For example, in almost every programming language, machine integers of a bounded size (e.g. 8-bit integers, or 32-bit integers, or 64-bit integers, etc.) are first-class values. You can store them in variables, pass them and return them to functions, etc. In most languages but not low-level languages such as assembly and C, strings are first-class values — but in C, they aren't, you only get pointers to strings. In C, strings and arrays are not first-class values: for example you can't pass an array to a function, you can't assign an array to an array variable, etc. In C, functions are not first-class values either: you can't store a function in a variable, only a pointer to a function. In contrast, strings and functions are first-class values in most high-level programming languages: you can store them in a string, etc.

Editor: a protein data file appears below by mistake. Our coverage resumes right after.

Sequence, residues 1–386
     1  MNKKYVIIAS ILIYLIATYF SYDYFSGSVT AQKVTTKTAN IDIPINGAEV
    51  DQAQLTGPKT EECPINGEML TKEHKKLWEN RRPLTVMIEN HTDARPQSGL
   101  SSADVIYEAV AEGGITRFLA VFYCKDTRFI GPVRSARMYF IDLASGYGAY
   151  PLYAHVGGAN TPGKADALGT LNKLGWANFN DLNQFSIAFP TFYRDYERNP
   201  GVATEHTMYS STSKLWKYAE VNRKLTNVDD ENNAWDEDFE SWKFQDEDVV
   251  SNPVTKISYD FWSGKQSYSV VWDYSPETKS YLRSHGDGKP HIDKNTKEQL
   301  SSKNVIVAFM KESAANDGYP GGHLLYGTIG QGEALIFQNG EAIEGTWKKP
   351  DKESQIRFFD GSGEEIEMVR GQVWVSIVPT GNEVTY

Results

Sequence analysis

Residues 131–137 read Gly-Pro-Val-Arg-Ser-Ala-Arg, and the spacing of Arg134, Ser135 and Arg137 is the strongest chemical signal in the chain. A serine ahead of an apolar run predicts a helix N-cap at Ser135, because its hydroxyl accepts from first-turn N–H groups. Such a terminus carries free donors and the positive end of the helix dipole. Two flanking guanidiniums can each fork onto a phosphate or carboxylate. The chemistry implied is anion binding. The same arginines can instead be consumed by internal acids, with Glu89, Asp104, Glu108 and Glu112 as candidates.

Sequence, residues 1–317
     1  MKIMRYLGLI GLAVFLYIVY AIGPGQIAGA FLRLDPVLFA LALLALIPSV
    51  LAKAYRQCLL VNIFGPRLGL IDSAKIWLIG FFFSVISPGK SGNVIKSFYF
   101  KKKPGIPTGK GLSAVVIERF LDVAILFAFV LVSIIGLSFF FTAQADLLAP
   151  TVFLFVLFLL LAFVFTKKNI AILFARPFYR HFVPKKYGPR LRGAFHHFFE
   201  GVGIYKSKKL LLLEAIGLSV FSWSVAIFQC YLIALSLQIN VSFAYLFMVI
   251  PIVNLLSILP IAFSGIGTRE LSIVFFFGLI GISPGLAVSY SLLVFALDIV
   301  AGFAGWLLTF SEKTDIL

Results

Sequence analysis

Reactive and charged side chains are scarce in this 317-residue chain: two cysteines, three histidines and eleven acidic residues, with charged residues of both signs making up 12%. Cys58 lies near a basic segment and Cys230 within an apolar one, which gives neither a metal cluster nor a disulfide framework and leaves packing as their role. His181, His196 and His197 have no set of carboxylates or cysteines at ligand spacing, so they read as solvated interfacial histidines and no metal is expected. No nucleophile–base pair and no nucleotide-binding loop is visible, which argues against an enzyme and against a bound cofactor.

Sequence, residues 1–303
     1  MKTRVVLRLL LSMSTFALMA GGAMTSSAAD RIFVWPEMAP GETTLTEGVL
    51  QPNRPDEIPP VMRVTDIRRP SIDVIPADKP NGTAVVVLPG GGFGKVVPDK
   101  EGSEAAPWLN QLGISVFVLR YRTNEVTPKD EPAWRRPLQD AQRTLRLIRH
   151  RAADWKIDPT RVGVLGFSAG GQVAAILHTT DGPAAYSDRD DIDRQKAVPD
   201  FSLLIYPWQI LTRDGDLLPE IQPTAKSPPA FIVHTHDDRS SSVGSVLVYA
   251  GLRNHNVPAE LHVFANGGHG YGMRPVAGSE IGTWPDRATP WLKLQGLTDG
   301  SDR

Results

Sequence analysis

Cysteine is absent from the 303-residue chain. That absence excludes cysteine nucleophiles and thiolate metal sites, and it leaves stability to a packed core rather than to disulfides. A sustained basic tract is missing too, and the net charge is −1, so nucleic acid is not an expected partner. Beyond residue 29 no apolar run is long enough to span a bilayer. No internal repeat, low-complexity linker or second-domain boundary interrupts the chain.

An example of a concept that is not first-class in many programming languages designed to be compiled is types. In a language like C or Java, types live at compile time, you can't manipulate them using language constructs. (Java also has a dynamic type system based on classes; classes are first-class values through reflection.) In contrast, a language like Python has a type function that returns a value that represents the type of its argument.

The negation of “first-class value” in standard terminology is “not a first-class value”. The term “second-class value” is not commonly used, and “third-class value” even less. Don't expect to see them outside of this book. There is absolutely no basis for defining “second” as “can be passed as a parameter” and “third” as “can't be passed as a parameter”, there's no scale of things that could be meaningfully numbered. Very few languages make a difference between values that can be passed as a parameter to functions and values that can be assigned to variables, so it isn't useful to define a name for this concept.